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Noam Chomsky has correctly and perceptively argued that although the difference between U.S. President George W. Bush and his Democratic challenger John Kerry is small - thus the “Bush-lite” label given to the latter by many - in a “system of immense power,” a small improvement over Bush could “translate into large outcomes” in several vital areas, including health care and education domestically, and world peace and the environment globally. Even fractional changes could make life more tolerable to millions in the U.S. and the world.
Bush-lite, Chomsky concluded, was therefore a cut above Bush-regular.
The view from Palestine may be at variance with this logic. Palestinians are not betting their lives on the prospects for progress under Kerry. After all, he has already come out to express unqualified support for Israel’s apartheid wall, settlements in the Occupied Territories and other grave Israeli violations of international law. Even under an analytical microscope, one would be hard pressed to identify the “lite” part when it comes to Israel.
And this comes as no surprise. Israel has effectively secured a position of unparalleled influence over the American administration, especially as far as foreign policy toward the Middle East is concerned. This is now a built-in feature of the system that will take far more than a mere change in presidency to alter. Moreover, Kerry, unlike Bush, may actually be able to win considerable European and international backing for essentially the same biased policy, and that would make him worse, in fact.
Lite is not always bright, it seems.
Take cigarettes, for instance. For many years now, people around the world have been naively duped into thinking that cigarettes labeled “light” somehow posed a lesser risk of serious disease. Through extensive, relentless and quite ingenious public relations campaigns, bogus research and political muscle, the mighty tobacco industry has effectively succeeded in circumventing the robust results of age-long research, which has proven beyond doubt the causal effect between smoking and several chronic illnesses. The “lights” were a smoker’s dream come true: all the addictive fun with no harm done. Smokers wanted to believe; that was the secret behind the staggering success of the ruse.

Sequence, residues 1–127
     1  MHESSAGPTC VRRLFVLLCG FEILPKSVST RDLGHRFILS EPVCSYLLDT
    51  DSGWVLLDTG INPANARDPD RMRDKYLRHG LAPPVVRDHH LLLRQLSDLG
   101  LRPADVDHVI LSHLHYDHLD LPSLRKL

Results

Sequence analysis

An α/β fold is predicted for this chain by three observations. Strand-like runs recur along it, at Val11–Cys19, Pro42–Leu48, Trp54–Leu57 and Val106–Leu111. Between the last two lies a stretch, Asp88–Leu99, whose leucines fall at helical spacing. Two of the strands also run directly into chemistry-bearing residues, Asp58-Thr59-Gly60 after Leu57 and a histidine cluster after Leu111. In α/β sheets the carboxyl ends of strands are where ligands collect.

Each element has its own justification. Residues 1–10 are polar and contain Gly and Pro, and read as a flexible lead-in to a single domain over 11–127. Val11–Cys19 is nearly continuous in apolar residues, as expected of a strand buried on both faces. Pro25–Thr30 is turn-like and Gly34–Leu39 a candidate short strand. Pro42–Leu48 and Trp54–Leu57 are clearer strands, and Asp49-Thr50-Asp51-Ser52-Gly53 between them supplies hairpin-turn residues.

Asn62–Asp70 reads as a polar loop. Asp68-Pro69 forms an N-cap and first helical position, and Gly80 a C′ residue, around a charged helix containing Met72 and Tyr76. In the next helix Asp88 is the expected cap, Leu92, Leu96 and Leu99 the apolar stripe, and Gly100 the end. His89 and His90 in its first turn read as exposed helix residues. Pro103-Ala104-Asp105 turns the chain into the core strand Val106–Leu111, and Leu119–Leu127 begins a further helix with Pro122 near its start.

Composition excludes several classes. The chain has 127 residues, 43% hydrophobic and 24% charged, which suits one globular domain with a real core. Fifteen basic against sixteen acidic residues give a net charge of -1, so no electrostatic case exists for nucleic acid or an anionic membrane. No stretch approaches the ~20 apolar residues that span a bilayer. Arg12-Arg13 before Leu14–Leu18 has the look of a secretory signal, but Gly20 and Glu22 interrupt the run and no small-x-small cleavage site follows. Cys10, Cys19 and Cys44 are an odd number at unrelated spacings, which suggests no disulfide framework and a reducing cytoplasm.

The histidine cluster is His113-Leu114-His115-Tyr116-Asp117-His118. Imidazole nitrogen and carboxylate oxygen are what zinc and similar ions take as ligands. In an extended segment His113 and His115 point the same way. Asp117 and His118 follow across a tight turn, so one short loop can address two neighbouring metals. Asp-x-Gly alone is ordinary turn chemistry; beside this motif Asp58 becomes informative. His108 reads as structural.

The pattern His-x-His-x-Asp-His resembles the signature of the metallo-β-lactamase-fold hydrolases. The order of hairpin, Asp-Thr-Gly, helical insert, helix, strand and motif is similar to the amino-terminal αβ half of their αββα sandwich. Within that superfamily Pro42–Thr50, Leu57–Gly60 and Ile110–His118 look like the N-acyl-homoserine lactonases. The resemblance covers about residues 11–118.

To the detriment of the tobacco industry, however, scientific evidence has consistently shown that the lower nicotine and tar levels have hardly resulted in an alleviation of the disastrous health impact of smoking. Quite the opposite, they had an adverse effect as smokers put off plans to quit and felt more at ease smoking lights around children or other passive smokers. A supposedly noticeable change for the better has therefore turned out to be for the worse. Little wonder then that even the U.S. Justice Department is pushing for a ban on descriptions of “light” cigarettes.
The same goes for Bush and his low-tar Massachusetts competitor. For sure, a Kerry presidency may bring in some tangible change that bodes well to many, not least those who have suffered the brunt of the neoconservatives’ designs and policies in Iraq, Palestine, Afghanistan and elsewhere. In all likelihood, a President Kerry would set a not-too-far deadline for pulling U.S. troops out and officially ending the occupation of Iraq. Multilateralism may be given a terribly needed boost. The UN may finally breathe a bit easier. But would those changes be better or worse in view of the fundamental opposition between empire on the one hand and peace, justice and balanced human development on the other?
A watered down version of empire is still empire. Worse yet, it is more nicely packaged, and as such has an appeal that may assure its longevity. A considerable - some say unprecedented - wave of protest against the current crude ways of empire has emerged from diverse American industries, power houses, diplomats and former political and military leaders, who have become acutely concerned about where the neocon path is leading. What is common to all of the critics perhaps is the belief that prolonging American economic and military dominance in the world will require softer, silk-gloved tactics that can cement alliances, secure allegiances and pacify resistance. Hence Kerry.
Like low-nicotine tobacco, a more diplomatically astute “emperor” perpetuates dependency and a false feeling of contentment, while still pursuing the same objective of world domination, faced with less opposition from a mollified world.
Democrats have been disingenuously shouting: “A vote for Nader is a vote for Bush.” Well, a vote for Kerry is a vote for Bush lite. Just like tobacco lights, which may well turn out to be worse for the world’s health in the long run, Americans would do well for themselves and the world by seeking or creating a better alternative to Bush, or Bush lite.